By Alex Nowrasteh
Representative Goodlatte (R-VA) is working toward a compromise on legalization and a path to citizenship for unauthorized immigrants. This issue is the current bottleneck in the immigration reform debate. Many Republican, Goodlatte included, are skeptical of a path to citizenship for current unauthorized immigrants. Many Democrats, however, will not support immigration reform unless some unauthorized immigrants are allowed to become citizens eventually. Could this impasse make immigration reform impossible this year?
Goodlatte’s proposal, as far as we know, would be to grant unauthorized immigrants provisional legal status. They would then be legally allowed to work and live here but only eligible for a green card or citizenship if they use the existing immigration system. This proposal would shrink the number of unauthorized immigration who could eventually earn a green card or gain citizenship.
I suggest a third proposal: create two paths toward legal status.
The first path should lead to permanent legal status on a work permit that cannot be used to earn a green card unless the person marries an American or serves in the military (other categories should be considered too). This path could be relatively easy and cheap, preferably a few hundred dollars to pay for the paperwork processing fee as well as criminal, national security, and health checks.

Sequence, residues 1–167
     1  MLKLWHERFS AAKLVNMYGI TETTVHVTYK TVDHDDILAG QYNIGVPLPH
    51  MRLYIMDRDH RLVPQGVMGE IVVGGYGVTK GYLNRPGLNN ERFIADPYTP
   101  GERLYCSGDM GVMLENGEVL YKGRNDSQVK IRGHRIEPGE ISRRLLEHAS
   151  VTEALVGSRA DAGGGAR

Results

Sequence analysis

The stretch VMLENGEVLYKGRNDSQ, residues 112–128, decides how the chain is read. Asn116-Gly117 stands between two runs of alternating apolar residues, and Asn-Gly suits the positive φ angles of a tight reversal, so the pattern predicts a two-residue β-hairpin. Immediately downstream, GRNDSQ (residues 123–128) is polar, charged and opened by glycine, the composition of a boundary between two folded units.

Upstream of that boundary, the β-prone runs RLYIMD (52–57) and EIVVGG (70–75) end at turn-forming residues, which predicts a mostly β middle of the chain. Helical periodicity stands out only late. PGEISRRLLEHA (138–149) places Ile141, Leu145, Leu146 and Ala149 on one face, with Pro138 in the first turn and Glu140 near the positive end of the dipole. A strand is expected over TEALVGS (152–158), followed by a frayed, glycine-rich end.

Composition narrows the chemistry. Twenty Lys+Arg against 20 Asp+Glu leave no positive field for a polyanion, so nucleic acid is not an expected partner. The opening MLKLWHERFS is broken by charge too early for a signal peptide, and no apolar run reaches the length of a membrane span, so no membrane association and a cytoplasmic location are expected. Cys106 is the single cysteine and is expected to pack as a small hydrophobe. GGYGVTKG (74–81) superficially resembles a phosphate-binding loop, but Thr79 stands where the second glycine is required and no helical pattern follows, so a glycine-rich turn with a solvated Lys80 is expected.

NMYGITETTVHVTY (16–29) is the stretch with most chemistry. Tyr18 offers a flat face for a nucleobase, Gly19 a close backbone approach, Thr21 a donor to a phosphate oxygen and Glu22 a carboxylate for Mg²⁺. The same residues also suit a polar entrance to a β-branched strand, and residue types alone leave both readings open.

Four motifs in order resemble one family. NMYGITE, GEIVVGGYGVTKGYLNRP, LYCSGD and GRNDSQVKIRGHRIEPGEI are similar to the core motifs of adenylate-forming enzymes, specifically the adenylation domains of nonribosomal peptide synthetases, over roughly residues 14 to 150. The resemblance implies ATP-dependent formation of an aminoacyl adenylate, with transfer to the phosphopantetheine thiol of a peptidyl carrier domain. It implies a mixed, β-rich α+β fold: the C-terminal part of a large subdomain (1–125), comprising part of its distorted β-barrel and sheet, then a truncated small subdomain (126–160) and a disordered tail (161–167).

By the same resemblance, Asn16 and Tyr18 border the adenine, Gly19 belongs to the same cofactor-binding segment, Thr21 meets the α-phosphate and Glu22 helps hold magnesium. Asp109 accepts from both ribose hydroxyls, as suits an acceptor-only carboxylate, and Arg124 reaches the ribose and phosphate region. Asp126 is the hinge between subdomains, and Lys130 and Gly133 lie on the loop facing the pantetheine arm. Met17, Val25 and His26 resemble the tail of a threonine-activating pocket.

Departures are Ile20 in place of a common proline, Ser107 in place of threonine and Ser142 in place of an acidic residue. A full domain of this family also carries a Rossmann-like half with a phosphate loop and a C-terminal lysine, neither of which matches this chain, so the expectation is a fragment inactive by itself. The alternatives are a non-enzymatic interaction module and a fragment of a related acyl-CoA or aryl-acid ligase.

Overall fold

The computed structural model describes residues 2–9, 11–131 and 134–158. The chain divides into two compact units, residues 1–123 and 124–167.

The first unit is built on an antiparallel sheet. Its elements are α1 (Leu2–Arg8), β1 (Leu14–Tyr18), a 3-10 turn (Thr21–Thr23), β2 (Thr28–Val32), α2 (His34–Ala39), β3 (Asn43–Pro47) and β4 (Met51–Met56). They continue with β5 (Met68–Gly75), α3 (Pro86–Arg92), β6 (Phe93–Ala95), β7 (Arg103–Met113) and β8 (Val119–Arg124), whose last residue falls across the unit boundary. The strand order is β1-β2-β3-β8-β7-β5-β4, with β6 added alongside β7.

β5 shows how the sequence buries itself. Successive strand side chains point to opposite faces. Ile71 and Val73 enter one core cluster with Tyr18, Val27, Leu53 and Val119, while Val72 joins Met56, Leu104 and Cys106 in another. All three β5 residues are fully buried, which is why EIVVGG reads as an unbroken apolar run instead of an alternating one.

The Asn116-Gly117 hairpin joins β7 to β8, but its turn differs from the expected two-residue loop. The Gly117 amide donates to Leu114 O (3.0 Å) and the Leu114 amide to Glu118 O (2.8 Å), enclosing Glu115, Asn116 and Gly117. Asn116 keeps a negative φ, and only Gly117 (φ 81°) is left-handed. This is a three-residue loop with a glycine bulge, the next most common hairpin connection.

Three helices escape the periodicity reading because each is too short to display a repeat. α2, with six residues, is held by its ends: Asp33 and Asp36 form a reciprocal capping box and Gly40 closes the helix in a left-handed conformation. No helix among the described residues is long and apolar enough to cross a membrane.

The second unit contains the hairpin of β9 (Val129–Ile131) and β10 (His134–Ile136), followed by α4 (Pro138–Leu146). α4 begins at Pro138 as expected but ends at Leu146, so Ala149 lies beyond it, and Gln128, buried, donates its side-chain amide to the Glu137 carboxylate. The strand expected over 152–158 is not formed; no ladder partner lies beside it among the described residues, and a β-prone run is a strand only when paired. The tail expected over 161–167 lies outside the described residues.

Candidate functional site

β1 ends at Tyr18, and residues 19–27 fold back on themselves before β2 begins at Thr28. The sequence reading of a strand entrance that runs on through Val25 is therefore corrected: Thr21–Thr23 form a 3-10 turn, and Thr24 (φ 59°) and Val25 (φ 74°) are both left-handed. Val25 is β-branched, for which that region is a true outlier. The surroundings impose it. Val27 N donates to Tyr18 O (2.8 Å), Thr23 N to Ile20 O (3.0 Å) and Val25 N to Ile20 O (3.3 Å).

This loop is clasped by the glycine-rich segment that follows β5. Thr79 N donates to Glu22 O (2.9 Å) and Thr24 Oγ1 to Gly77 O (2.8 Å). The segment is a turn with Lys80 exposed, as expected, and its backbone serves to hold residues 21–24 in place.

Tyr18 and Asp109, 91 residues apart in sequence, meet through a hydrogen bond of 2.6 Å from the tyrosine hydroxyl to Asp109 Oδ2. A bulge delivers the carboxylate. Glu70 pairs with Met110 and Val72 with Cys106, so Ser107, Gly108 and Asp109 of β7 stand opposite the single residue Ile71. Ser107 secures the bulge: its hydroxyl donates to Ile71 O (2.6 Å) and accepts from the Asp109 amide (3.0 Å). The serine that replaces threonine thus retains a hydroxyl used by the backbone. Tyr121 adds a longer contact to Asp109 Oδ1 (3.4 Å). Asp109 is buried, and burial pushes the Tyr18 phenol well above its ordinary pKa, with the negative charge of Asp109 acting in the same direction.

The second path should be toward a green card and eventual citizenship. It should probably be similar to the Senate plan, take many years, and cost more money. This should be the more difficult legalization process but it should not be any more difficult than what is included in the Senate bill.
Creating two paths will allow the unauthorized immigrants themselves to choose the type of legal status they wish to have in the United States. This also addresses some of the concerns of immigration reform skeptics while actually allowing a path to citizenship that, theoretically, most unauthorized immigrants could follow. Furthermore, this plan is probably more politically feasible than a one sized fits all path to legal status. The sooner a reform is passes, the sooner the deportations can stop.
Currently every interest group involved in immigration reform is trying to choose which legal status unauthorized immigrants should have. The unauthorized immigrant should instead be able to choose for themselves. Ever more complex legalization and path to citizenship plans of the type Goodlatte will propose will not accommodate most of the 11-12 million unauthorized immigrants here. Several paths toward legal status should be created and the unauthorized immigrants should be allowed to choose for themselves.
Alex Nowrasteh is the immigration policy analyst at the Cato Institute’s Center for Global Liberty and Prosperity.